driving competition

Photo courtesy Michaela Keener. Driver is Raymond Helmuth competing at the Indiana Classic Event in the marathon phase. 

Research emphasizing human performance in equestrian sport is outnumbered by that conducted on the horse. The Equestrian Athlete Initiative (EqA), based out of the University of Kentucky’s Sports Medicine Research Institute (SMRI), has a mission to optimize health, wellness and performance for the equestrian athlete through research.

The main EqA team comprises the EqA research director Kimberly Tumlin, PhD, , MS, MPH and EqA Research Coordinator, Michaela Keener, MS. Together, this team values embracing and validating the unique diversity of equestrian athletes, as equestrian sports range greatly in discipline, age and performance requirements.

Despite the expansive history of the equestrian athlete, we still do not know key descriptors such as activity levels with and without horses, perceptions of equestrian participation, injury mechanisms, basic demographics or how COVID-19 restrictions may have altered activity engagement. To help answer some of these questions, the EqA team built a nationwide survey to address these gaps in the field.

Equestrian sports allow for lifelong participation and are one of the only sports where females and males compete concurrently. With numerous disciplines, equestrian sports allow individuals to participate both recreationally and competitively. This diverse competitive field in discipline, rider background and age at which individuals participate in these activities pose various challenges. Not only is there a need for research that investigates ways to prevent injury among these athletes, but there is also a need to find ways to ensure healthy participation throughout the life course of these athletes.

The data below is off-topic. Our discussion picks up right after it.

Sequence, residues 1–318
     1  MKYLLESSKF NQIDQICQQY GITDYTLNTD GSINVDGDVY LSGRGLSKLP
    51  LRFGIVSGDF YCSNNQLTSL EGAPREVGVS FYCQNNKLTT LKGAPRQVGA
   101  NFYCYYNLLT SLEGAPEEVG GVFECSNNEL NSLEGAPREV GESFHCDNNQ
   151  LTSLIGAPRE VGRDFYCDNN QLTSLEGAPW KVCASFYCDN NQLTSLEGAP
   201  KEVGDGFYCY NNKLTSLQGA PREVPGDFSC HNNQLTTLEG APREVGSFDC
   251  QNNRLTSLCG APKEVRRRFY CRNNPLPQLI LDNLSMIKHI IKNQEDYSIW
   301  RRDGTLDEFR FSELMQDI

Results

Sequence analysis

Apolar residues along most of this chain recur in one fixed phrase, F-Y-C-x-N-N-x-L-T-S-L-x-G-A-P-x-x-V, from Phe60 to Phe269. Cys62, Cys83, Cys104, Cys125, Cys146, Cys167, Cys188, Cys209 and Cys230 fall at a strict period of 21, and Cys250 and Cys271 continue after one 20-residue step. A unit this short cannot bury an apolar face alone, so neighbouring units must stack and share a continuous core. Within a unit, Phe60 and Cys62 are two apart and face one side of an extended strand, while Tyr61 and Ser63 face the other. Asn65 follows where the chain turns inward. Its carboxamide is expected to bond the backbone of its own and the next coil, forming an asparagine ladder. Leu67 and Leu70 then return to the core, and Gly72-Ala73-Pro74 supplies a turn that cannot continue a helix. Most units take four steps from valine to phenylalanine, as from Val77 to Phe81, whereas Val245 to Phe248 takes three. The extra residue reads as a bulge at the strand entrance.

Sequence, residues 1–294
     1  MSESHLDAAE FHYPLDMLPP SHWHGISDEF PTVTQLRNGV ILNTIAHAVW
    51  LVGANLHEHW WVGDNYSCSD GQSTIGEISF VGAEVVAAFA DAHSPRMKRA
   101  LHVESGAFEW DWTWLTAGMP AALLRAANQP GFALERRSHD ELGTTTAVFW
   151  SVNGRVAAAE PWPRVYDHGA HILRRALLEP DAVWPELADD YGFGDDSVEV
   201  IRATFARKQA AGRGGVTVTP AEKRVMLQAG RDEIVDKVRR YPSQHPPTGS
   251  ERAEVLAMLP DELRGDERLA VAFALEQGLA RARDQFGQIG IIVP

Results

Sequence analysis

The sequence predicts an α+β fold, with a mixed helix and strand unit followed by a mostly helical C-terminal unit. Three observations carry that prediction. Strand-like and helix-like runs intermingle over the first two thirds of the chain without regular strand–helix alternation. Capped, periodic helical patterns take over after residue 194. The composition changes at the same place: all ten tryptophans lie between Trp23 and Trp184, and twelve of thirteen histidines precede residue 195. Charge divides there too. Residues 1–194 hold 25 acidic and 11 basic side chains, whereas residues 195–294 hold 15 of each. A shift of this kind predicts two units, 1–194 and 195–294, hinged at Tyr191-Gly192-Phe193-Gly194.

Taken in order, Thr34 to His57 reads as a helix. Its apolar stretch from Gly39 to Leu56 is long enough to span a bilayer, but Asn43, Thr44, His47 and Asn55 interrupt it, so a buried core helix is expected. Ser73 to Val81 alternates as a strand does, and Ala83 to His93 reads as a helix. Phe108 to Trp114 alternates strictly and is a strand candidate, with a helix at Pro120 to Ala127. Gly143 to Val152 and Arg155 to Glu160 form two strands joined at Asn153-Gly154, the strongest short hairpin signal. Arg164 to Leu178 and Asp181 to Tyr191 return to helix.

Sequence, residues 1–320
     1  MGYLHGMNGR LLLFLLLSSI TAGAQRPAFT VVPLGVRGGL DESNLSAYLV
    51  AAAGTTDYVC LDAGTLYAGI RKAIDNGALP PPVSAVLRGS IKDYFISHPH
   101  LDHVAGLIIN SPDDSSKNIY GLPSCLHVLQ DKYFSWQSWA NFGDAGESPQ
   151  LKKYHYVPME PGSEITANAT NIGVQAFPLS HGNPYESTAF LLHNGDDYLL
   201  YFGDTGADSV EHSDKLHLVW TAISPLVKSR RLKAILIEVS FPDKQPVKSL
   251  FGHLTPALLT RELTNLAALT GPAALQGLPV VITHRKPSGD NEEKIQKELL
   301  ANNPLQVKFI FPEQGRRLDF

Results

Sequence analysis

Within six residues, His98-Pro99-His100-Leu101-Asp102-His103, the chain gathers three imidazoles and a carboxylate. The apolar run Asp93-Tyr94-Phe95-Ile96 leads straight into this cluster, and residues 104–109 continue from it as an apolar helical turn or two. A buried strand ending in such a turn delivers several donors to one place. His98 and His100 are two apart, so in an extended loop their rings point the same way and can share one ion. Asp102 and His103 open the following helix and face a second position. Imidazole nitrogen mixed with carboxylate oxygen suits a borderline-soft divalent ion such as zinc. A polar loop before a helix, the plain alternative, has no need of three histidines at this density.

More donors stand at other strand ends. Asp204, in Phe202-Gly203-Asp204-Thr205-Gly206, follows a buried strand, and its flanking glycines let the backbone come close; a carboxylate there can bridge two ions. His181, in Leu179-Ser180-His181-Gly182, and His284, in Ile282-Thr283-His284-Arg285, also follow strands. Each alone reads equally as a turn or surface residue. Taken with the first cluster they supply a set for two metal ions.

Physical activity is a strong modifiable factor in prevention of non-communicable diseases, a leading cause of mortality and morbidity in the United States.The current CDC recommendation for adult activity is at least 150 minutes of moderate-intensity aerobic activity and at least two days of muscle strengthening activity. However, data is limited on how equestrian activities count towards these CDC recommendations.

The purpose of the Equestrian Athlete Survey is to address important factors of equestrian participants. This survey is open to individuals currently participating in any form of equestrian activity, competitively, recreationally, therapeutically, occupationally, etc., anywhere in the United States who are 12 years old or older. Data collection includes basic demographics to look at discipline and regional differences across the country. The research team is interested in equestrians' weekly activity levels across disciplines, age, region and level of engagement to see if equestrians meet CDC guidelines. The team is interested in looking at equestrians' perceptions of their participation as physical activity and a sport, which the team expects to vary with age, region, discipline and level of engagement. Finally, the research team hopes to gauge how equestrian engagement has shifted with COVID-19 restrictions, between shutdowns, stay at home orders and cancellations of competitions, camps and clinics.

To participate in the survey please go here.

Or QR code:

 eqa qr code



Michaela Keener, MS, is the research coordinator for the Equestrian Athlete Initiative within University of Kentucky’s Sports Medicine Research Institute.